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A great deal of presidential speechwriter wisdom and virtuoso skills were invested in Barack Obama’s “ask your leaders for peace” speech in Jerusalem. In summary: “And let me say as a politician, I can promise you this: political leaders will never take risks if the people do not push them to take some risks. You must create the change that you want to see,” he said.

Obama has left, the Passover holiday has passed, and the spring that Secretary of State John Kerry will grant Israel is short. In the meantime, only a question is left: Who was the president referring to when he said “political leaders will not take risks”?

Obama mentioned eight leaders and one writer in his speech. None of them are put off by risks; the opposite in fact. He quoted the promise of the first he mentioned in his speech, Martin Luther King Jr. − Obama’s inspiration − that a dream can be realized and even if he himself may not get there, “we, as a people, will get to the promised land.” The second was President Harry Truman. A few minutes after the State of Israel was declared, Obama noted, Truman decided to recognize the new state because Israel “has a glorious future before it − not just as another sovereign nation, but as an embodiment of the great ideals of our civilization.”

Later on he spoke of Menachem Begin and Yitzhak Rabin, “brave leaders [who] reached treaties with two of your neighbors.” And he quoted Ariel Sharon as saying: “It is impossible to have a Jewish, democratic state and at the same time to control all of Eretz Israel. If we insist on fulfilling the dream in its entirety, we are liable to lose it all.”

Author David Grossman also received presidential honor when Obama quoted him: “A peace of no choice,” he said, “must be approached with the same determination and creativity as one approaches a war of no choice.” Think about Obama’s choice of Grossman’s words, as the author said them shortly after losing his son.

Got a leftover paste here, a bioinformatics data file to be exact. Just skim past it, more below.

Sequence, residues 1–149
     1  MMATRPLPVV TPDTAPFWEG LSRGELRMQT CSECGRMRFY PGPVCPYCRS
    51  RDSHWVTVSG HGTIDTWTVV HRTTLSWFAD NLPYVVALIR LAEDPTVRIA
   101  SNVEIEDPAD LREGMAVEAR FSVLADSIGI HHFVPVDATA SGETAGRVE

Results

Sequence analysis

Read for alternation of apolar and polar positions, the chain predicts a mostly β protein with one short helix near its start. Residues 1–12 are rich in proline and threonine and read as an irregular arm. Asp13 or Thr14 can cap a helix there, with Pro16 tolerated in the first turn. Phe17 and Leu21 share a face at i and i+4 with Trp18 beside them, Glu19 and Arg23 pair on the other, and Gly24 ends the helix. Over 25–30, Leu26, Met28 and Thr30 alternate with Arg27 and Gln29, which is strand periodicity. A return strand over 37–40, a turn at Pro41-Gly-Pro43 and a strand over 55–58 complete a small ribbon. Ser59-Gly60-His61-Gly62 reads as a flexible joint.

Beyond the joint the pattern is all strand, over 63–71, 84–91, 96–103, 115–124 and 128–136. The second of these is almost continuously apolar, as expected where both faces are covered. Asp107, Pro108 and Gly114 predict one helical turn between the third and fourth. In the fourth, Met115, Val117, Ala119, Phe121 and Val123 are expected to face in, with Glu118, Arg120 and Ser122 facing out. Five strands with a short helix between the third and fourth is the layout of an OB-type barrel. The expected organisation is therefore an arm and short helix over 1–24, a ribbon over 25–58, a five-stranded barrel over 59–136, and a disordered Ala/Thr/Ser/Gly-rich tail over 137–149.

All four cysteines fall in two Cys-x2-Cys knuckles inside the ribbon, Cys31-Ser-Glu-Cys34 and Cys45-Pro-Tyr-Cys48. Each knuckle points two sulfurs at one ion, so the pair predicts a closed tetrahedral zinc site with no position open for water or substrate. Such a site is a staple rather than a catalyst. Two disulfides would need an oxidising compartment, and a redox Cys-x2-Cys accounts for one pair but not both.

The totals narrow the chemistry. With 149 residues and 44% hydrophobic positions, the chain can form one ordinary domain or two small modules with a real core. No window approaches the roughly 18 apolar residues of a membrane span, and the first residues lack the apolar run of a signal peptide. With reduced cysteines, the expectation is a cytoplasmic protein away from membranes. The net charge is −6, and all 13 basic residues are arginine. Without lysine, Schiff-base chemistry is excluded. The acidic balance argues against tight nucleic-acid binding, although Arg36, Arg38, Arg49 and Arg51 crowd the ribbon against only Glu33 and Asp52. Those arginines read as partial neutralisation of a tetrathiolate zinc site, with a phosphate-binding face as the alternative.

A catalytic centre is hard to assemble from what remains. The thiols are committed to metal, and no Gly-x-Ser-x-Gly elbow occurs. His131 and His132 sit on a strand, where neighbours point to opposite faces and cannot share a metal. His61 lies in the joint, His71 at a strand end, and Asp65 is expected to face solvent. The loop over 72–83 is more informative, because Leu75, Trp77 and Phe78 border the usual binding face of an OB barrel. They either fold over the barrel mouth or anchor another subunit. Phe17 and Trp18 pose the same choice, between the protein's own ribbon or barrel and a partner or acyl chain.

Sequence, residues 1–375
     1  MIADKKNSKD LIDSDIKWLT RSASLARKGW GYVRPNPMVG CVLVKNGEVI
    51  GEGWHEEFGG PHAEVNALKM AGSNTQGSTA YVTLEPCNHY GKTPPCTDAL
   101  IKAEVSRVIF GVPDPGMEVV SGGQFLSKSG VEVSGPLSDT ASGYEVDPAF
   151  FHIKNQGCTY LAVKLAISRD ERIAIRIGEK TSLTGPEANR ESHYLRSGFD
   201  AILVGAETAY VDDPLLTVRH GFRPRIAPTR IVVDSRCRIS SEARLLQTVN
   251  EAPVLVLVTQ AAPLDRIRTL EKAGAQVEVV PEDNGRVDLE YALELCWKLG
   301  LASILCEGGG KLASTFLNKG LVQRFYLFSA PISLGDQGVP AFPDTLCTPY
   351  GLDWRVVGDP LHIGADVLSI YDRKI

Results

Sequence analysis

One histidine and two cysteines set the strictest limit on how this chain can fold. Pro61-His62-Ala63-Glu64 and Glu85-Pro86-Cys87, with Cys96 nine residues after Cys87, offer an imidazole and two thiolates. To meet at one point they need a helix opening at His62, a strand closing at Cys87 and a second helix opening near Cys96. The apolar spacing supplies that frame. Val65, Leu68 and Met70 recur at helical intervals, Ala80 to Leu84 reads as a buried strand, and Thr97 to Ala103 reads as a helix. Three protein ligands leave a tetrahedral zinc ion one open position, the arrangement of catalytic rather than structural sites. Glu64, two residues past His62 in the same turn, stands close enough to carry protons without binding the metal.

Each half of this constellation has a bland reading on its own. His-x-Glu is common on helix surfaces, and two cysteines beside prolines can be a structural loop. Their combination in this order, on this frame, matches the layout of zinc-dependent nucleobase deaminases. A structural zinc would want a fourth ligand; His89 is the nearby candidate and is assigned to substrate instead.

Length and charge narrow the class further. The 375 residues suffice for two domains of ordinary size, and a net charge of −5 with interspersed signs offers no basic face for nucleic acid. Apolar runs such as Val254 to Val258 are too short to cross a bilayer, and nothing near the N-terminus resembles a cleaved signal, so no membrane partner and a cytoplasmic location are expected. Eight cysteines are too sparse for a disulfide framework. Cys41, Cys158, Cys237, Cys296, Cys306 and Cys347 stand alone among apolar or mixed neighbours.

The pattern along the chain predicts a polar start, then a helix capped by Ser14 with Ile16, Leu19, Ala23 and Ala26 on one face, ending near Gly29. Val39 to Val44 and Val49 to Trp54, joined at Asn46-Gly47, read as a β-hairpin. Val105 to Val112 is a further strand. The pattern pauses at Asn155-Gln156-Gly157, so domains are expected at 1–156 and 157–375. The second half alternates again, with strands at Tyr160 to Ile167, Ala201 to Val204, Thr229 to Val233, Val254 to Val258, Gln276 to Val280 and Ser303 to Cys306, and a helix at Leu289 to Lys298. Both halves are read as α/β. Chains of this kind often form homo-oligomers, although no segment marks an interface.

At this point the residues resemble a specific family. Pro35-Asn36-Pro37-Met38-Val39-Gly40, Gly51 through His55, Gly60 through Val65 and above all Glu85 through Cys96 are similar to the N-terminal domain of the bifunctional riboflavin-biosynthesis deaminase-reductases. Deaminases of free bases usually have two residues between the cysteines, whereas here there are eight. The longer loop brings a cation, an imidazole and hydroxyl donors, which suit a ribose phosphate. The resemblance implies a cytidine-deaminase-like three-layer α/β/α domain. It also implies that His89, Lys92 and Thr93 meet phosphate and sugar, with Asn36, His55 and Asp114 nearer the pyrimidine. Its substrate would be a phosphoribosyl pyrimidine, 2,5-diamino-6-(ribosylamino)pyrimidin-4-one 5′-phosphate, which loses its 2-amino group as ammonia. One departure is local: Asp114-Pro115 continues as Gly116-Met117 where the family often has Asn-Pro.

David Ben-Gurion likewise was not forgotten, nor were Palestinian Authority President Mahmoud Abbas and Prime Minister Salam Fayyad, “true partners” over the past few years.

Eight leaders and a writer. Men of trailblazing vision, brave and steadfast, focused on the goal and taking risks − who stood in front of their people without fear. They lead and were not led, they pulled people behind and were not carried away themselves.

And so Benjamin Netanyahu will be forced to take real actions so his name can appear on the list of politicians worthy in Obama’s opinion of being called leaders. It is the quote Obama brought from Ben-Gurion that actually hints, though he doesn’t seem to have great hopes for − if at all. Ben-Gurion didn’t star in Obama’s speech with his hackneyed quote: “I don’t know what the people want and what they don’t want. I only know, it seems to me, what the people should want.” But Obama chose to quote Ben-Gurion saying: “In Israel, in order to be a realist you must believe in miracles.”

It doesn’t seem to me that Obama believes in miracles. I think he came to Israel because he doesn’t believe in them. To tell us, the Israelis, that the responsibility for making peace is on the shoulders of the government of Israel and its leaders − and that we must demand it from them. And if this does not happen, no miracle will happen for us and the fury of the Middle East will be on our heads. And if to explain all that, he had to come to Jerusalem and awarded his listeners with a virtuoso performance of a speech, then why not? The American president is a virtuoso.

Kerry has returned for another round of talks between Jerusalem and Ramallah. Another round, another two or three, and if he does not manage to restart the negotiations − the noble gesture to the woman, her beautiful children and her husband carrying his suit coat will evaporate. We will be left with a virtuoso speech from an American president, Netanyahu’s Bar-Ilan speech gathering dust, and false promises of “two nations for two peoples.” And we will remember that the spring here is so short, as David Grossman once wrote.